Recent Galileo images of the surface of Jupiter's moon Callisto have revealed large landslide deposits within two large impact craters seen in the right side of this image. The two landslides are about 3 to 3.5 kilometers (1.8 to 2.1 miles) in length. They occurred when material from the crater wall failed under the influence of gravity, perhaps aided by seismic disturbances from nearby impacts. These deposits are interesting because they traveled several kilometers from the crater wall in the absence of an atmosphere or other fluids which might have lubricated the flow. This could indicate that the surface material on Callisto is very fine-grained, and perhaps is being "fluffed" by electrostatic forces which allowed the landslide debris to flow extended distances in the absence of an atmosphere.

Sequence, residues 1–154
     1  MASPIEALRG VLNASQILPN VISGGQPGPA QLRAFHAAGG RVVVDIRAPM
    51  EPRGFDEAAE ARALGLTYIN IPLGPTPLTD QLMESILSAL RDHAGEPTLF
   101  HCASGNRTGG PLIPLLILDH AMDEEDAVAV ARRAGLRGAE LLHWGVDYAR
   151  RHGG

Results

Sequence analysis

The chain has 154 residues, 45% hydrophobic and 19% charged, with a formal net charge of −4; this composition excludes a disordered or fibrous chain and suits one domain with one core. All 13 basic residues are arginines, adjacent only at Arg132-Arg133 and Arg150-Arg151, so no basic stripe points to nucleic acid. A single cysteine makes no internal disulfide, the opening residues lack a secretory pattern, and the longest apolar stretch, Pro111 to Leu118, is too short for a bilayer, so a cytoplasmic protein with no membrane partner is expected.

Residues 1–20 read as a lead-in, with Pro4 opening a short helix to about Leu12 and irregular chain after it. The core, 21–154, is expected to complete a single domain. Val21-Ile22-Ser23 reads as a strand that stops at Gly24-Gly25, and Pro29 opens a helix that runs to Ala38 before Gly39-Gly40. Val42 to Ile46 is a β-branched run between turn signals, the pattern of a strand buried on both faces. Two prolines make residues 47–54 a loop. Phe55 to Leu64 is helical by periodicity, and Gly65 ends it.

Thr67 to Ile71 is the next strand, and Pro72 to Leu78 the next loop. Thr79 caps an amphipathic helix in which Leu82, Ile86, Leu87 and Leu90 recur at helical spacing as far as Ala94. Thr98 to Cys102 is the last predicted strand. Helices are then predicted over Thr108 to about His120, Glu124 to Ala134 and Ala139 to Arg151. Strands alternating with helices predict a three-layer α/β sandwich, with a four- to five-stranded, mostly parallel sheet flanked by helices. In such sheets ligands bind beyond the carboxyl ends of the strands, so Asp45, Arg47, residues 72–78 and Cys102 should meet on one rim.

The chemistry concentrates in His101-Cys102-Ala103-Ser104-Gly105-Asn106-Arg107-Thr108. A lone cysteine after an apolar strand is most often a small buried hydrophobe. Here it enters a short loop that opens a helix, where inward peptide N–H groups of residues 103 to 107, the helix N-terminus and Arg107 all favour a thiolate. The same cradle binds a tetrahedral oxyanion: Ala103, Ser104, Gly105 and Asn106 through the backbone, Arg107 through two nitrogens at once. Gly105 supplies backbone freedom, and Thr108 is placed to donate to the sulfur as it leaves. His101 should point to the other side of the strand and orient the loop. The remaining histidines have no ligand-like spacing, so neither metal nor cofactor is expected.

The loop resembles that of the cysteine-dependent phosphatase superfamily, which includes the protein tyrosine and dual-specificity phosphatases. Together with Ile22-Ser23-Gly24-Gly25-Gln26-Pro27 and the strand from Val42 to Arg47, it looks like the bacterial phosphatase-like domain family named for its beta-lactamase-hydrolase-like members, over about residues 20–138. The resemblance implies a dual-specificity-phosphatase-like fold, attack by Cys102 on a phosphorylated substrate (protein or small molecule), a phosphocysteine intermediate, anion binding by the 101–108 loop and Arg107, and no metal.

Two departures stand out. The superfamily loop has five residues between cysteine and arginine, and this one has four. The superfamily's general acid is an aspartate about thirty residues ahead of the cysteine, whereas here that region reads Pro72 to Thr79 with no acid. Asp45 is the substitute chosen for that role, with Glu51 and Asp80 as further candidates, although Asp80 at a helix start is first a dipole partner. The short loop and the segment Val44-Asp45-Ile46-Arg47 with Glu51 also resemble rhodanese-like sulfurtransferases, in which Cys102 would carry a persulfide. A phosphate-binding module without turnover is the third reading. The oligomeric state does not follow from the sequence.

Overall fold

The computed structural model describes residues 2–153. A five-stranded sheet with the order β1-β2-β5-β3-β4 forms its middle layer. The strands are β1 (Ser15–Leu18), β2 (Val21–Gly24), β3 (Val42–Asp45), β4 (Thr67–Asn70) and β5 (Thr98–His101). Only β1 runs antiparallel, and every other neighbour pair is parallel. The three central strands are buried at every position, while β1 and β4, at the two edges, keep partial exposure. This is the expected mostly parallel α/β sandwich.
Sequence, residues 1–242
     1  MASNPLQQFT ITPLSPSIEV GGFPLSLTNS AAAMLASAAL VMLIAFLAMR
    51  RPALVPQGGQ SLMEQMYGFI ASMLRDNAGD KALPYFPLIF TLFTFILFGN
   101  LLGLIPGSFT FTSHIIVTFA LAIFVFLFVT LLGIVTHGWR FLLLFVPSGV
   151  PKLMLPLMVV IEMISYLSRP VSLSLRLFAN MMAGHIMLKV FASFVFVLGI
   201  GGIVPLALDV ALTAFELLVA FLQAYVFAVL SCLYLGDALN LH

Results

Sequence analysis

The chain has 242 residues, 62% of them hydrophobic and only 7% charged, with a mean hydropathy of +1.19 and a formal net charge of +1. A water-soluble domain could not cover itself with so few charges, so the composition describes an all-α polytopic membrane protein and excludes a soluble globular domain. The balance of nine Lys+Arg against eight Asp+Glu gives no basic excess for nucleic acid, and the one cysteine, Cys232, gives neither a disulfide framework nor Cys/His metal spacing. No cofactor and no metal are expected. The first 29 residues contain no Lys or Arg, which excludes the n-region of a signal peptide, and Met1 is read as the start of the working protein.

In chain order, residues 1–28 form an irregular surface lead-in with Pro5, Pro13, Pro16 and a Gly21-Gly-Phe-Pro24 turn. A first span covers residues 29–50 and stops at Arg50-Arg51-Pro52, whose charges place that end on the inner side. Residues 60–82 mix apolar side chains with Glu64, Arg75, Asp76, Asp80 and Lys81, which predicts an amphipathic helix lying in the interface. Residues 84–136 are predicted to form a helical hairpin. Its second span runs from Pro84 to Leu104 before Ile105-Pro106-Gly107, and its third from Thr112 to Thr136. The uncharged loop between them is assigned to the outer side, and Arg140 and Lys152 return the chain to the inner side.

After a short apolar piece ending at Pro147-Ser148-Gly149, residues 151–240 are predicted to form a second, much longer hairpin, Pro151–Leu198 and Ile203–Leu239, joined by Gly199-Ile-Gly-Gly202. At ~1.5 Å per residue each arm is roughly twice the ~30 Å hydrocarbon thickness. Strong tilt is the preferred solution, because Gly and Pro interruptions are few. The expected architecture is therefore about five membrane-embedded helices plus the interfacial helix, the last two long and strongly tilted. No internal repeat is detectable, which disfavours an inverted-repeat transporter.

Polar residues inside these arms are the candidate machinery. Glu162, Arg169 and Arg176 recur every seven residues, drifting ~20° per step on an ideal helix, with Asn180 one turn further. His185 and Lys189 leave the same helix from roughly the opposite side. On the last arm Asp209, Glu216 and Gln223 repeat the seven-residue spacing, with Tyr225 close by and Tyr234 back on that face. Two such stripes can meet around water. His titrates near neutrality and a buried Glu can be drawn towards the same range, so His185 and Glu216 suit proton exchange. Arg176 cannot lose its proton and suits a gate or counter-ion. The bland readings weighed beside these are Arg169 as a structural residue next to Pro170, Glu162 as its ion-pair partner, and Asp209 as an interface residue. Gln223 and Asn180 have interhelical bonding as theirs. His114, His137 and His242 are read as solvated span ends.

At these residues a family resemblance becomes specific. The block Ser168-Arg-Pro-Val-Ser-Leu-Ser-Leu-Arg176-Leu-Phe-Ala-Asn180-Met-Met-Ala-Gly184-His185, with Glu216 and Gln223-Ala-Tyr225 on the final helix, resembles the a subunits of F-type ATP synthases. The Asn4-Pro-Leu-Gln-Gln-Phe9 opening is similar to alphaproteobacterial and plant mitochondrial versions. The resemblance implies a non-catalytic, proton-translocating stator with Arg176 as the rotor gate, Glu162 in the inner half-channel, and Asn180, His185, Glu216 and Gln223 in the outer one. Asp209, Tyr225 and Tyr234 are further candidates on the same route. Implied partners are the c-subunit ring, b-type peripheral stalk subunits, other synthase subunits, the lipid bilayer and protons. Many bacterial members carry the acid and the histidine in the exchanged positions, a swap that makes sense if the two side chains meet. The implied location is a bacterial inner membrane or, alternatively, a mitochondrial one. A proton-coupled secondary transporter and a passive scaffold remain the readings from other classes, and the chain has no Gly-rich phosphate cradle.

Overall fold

This image was acquired on September 16th, 1997 by the Solid State Imaging (CCD) system on NASA's Galileo spacecraft, during the spacecraft's tenth orbit around Jupiter. North is to the top of the image, with the sun illuminating the scene from the right. The center of this image is located near 25.3 degrees north latitude, 141.3 degrees west longitude. The image, which is 55 kilometers (33 miles) by 44 kilometers (26 miles) across, was acquired at a resolution of 100 meters per picture element.
The Jet Propulsion Laboratory, Pasadena, CA manages the Galileo mission for NASA's Office of Space Science, Washington, DC. JPL is an operating division of California Institute of Technology (Caltech).
This image and other images and data received from Galileo are posted on the World Wide Web, on the Galileo mission home page at URL http://galileo.jpl.nasa.gov. Image Credit: NASA/JPL